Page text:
Why it matters
The radio ad where the small child talks about how it feels to be a fish out of the water struggling to breathe resonates with me. A few times a year, I struggle to breathe. Every muscle in my body aches as I try so hard to cough and wheeze, fighting for every air molecule I can suck in.
Of all the monikers I use to identify myself – wife, mom, teacher, friend, cheerleader, super-hero (okay a girl can dream) – asthmatic isn’t the one I love to share with people. Frankly in a world that has grown infinitesimally smaller with the touch of finger, why has talking about our health (especially that of the women in our lives) become something of a taboo?
Don’t get me wrong, I have a couple people in my life that my husband refers to as Internet M.D.’s. These are the people who look at themselves or their children, search the Weirdest Symptoms in the World web superhighway, and diagnose the frail and ill with Black Death or some other far-fetched malady. Some of these people go into graphic detail on all the symptoms that plague them.
Typically, however, we don’t share all that ails us with others.
As moms, we are supposed to have everything together. Our children, our spouses, and I daresay, society is counting on us to be well. So when we aren’t, we put on our big girl pants, tough it out, and move forward behind the veneer mask of “Everything’s fine”.
I really did NOT want to write this blog because does this really matter to anyone other than me and my immediate family. (Remember: I like to think of myself as superhuman, and by writing this blog I expose the world to one of my forms of kryptonite.) I have put off sharing since August/September, when this all took place. Then a tragic ending happened to a family with whom I have had loose connections over the years, and I decided that God really wanted me to share my experience.
No one is to blame in this story, and that is not the purpose for writing this.
After recovering from another month long battle of bronchitis, I developed a severe sinus infection a week after my visit with the allergist. Following my asthma check-up, I was given some medications to hopefully calm my struggling airways. So when this sinus infection came in with the stealthy flank attack of a ninja, I shared my revised medication list with my physician’s new nurse. A round of antibiotics was prescribed, and I went on my way . . . to hopefully heal.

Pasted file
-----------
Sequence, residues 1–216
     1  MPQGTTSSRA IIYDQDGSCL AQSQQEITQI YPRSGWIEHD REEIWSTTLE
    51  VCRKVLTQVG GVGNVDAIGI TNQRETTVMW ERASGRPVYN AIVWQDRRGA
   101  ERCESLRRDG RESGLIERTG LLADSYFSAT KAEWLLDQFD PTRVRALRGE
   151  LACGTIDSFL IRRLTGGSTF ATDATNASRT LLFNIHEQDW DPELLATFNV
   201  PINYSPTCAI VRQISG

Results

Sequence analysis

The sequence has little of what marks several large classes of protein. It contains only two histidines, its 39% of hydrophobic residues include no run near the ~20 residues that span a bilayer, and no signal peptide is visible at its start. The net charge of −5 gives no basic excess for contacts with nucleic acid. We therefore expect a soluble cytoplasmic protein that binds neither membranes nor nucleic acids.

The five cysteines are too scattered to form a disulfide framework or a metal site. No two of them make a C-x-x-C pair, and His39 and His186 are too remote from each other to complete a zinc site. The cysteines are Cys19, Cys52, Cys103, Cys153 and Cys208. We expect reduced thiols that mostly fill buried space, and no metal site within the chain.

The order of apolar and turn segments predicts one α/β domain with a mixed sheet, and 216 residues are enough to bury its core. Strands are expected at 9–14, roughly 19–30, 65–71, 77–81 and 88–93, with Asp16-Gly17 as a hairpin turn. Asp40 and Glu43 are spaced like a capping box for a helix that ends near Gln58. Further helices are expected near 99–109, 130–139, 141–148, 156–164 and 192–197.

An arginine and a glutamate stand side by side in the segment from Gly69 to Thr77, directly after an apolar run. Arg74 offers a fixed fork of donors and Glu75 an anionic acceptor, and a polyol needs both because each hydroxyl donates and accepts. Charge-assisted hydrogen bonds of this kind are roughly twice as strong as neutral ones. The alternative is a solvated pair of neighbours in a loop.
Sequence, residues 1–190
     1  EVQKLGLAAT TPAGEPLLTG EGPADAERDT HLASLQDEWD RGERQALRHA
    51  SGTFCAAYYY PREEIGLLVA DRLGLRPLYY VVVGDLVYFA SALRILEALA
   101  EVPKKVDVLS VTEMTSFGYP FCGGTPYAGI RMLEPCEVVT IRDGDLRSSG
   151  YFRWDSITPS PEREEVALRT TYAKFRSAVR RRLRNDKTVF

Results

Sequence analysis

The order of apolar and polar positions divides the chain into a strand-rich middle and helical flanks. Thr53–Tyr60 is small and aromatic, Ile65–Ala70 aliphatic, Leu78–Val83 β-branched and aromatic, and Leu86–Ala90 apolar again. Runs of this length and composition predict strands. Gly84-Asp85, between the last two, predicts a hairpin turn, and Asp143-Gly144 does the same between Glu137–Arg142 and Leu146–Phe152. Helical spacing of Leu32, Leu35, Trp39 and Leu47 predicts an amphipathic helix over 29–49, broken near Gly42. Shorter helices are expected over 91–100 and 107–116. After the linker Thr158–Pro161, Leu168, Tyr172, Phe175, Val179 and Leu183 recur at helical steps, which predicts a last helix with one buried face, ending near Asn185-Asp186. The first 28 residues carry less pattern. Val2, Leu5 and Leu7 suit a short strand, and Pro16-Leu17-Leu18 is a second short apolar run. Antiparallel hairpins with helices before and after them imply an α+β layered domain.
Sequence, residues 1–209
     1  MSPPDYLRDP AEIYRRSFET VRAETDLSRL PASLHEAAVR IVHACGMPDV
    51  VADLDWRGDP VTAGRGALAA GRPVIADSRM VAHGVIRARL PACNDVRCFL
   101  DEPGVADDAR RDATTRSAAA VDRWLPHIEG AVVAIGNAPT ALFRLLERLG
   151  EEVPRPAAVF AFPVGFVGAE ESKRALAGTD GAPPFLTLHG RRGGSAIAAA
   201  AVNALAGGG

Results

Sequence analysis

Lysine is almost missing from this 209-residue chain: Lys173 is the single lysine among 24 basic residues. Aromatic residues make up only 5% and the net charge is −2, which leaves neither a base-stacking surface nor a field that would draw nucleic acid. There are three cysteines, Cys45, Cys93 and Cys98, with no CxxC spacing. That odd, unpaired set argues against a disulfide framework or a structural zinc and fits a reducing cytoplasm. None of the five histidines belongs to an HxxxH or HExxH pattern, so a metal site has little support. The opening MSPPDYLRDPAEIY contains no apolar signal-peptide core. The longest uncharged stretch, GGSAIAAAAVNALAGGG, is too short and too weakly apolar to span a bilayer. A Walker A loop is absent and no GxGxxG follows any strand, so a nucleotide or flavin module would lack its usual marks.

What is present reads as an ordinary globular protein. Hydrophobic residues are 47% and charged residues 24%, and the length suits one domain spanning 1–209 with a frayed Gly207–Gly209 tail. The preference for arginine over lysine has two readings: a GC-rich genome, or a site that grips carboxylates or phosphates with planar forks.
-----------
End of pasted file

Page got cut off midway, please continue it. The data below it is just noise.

Only that’s not what happened. I began sleeping twenty hours a day, I gained 15 pounds in fewer than that many days, and I was an emotional wreck from missing out on life with my family.
I have suffered a few bouts of the blues in my life; so, I begrudgingly went to see my doctor again thinking this must be the cause of my troubles. She did not agree with me and ordered a series of blood tests. I didn’t receive the results until a few days later while watching my son’s football game. My liver panel was through the roof. My son had mono over the summer, and I relayed that information over the phone. I thought it was highly unlikely since I had mono my senior year of high school.
It wasn’t that, nor was it a myriad of other things.
The next two weeks were a blur as my waking hours were spent taking more blood tests each one for more and more dire situations. If I were a cartoon, any liquid going in would have come out through all the holes in my arms. I was terrified. Your liver is one of those organs that you never think about until someone tells you have something wrong with yours. I became more tired, gained more weight, and generally felt lethargic at best.
In one lucid moment, I felt God telling me to think. In my heart, I didn’t think I could have any of the conditions/disorders for which I was being tested. So in that brief state of alertness, I thought about what had happened over the course of the summer. I did travel to a region of the country I had not been before, but that puzzle piece didn’t seem to fit in the bigger picture. Eventually, I hit the mother lode. New medications! I did some searching and Voila! Two of the drugs I was taking should not mix and had fatal interactions in some people. I just happened to be a part of the group for which those meds had bad reactions.
The first thing I did was thank God for pushing me to think outside of the box and for not allowing me to give up. Secondly, I called the doctors. One agreed with me, and the other’s nurse thought it was crazy. I went with the one who agreed with me and stopped all medications. Lo and behold, a few days later, I felt human again. The weight came off, the energy levels returned, and most importantly my liver regained its healthy levels.
I was fortunate. The family mentioned earlier was not, and my heart hurts for them.
Moms – our health MATTERS.
I don’t care if you work in your home or out, have home births or hospital ones, breast-feed or bottle feed, vaccinate or opt-out, homeschool or send your kids to school, have television or don’t, vegan or not, or any other divisions that can separate us as moms. I. DON’T. CARE. ABOUT. ANY. OF. THAT.
But, I do care about you. If something feels wrong in the care and keeping of you, don’t hide what you are going through. It just might save your life. Tell your doctor, tell a friend who will look for answers with you, or at the very least contact an Ask A Nurse program in your community.
You are important.
Your health is important.
Take good care of you!
Your kids need you and so does the world.